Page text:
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World Music CD Reviews, February 2007

Album of the Month

Andy Palacio & the Garifuna Collective: Wátina

buy CD | Listen To Watina | Andy Palacio & The Garifuna Collective

It is isn't necessary to be entranced by the story of the Garifuna people to enjoy the music of Andy Palacio. The rhythms and melodies give hints of Afropop, yet the swing and the maraca infuse a distinctly Latin-Caribbean flavor.

Yet the music is clearly unique. Raw and rattly drum beats are paired with guitar and vocal harmonies on the title track, which tells of a person stranded on a road as drivers zip by, unsympathetic. Such everyday occurances are a common theme in Garifuna music. Other songs include the bluesy prayer "Weyu Larigi Weyu" with it's call-and-response refrain; the upbeat reggae-meets-Garifuna call for unity "Lidan Aban;" and the Paranda-style guitar piece "Sin Precio" with its somber message of feeling worthless.

Born and raised in the Atlantic coast village of Barranco, Belize, Palacio heard a mix of traditional and imported music, and played both in his early musical career. His music took a turn while he was working with a literacy project in Nicaragua in 1990 and he realized how the Garifuna language was dying out.

"I saw what happened to my people. The cultural erosion I saw deeply affected my outlook," Palacio says, "and I definitely reacted to that reality." His response was to become a musical ambassador for things Garifuna, helping other musicians get recognized, and recently cutting this album of songs based on traditional Garifuna rhythms.

The story of The Garifuna people is the stuff of legend, ripe for big-screen exposure. Essentially, they emerged from a transportation accident. Two European slave ships sunk off the coast of St. Vincent in 1635. The surviving slaves mixed with the local population, and spread to the Central American mainland. [more history]. They have expanded from fewer than 2,000 people in 1800 to more than 200,000 today, and the work of artists such as Palacio (who tours in fall 2007) and Aurelio Martinez (who tours in spring 2007) are bringing the culture wider global recognition it richly deserves. This is a must-have album for curious ears.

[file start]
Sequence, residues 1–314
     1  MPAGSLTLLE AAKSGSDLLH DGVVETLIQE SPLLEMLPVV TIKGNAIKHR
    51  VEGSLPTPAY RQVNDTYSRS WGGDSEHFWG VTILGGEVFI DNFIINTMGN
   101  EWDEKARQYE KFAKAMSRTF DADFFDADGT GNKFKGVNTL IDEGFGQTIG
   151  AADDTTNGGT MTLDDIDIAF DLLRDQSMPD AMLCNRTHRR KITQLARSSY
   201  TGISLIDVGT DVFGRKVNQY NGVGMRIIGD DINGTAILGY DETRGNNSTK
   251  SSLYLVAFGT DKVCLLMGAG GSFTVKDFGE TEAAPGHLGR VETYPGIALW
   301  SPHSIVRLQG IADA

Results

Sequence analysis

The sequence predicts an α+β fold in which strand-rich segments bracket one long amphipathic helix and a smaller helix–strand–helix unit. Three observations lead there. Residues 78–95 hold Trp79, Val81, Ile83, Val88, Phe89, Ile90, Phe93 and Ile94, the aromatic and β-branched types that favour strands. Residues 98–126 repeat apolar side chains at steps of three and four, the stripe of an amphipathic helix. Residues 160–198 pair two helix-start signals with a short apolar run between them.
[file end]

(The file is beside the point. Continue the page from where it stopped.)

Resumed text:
©2007 Scott Allan Stevens, Earball Media

THIS JUST IN! ... New World Music CD Releases


Various Artists: Merdeka (Dancing Turtle)
buy CD/hear samples

I really wanted to love this album. Really. Among the 20 tracks are a couple from artists I really enjoy: Norwegian yoikers Vajas and Gypsytronica troupe Shukar Collective. Digging into the album, however, I found the musical selections from 17 nations to be disjointed. Irish singer Laura Baker's "In Our Hearts" has a great message, but its smoothness jars after the wonderful island-guitar vibe of Modeste Hughes Randriamahitasoa's Malagasy "Celestina." I won't give you a track-by-track accounting; suffice to say that other juxtapositions cause a similar disorientation. And there's no justifying text in the packaging explaining why the tracks/artists were selected, or any translations of the lyrics.

That said, I don't want to discourage you from checking out this compilation. It does contain good music -- not least Zambian Dominic Kakolobango's "Ubukwa" and Ohayo-Samba's "Brazil Yori." And the whole thing is for a great cause: the independence movement in West Papua. The indigenous people of West Papua -- also known as the Indoensian province of Irian Jaya -- lies in the western part of the island of New Guinea, and like the people of the eastern nation of Papua New Guinea have been struggling against Indonesian occupation, which has resulted (the notes say) in "one of the world's worst cases of ethnic cleansing" with more than 400,000 West Papuans killed since 1963. All proceeds from CD sales go directly to refugee support programs.

So yeah, it's a great cause. And in the face of the social/political /military situation I feel petty for nit-picking about the tracklist. I just wish the flow of the album was a little more natural. I would even have suggested two discs: one of music from West Papua, one of musicians from elsewhere who support the cause. You can find out more and hear song samples at the Dancing Turtle Records website.

©2007 Scott Allan Stevens, Earball Media



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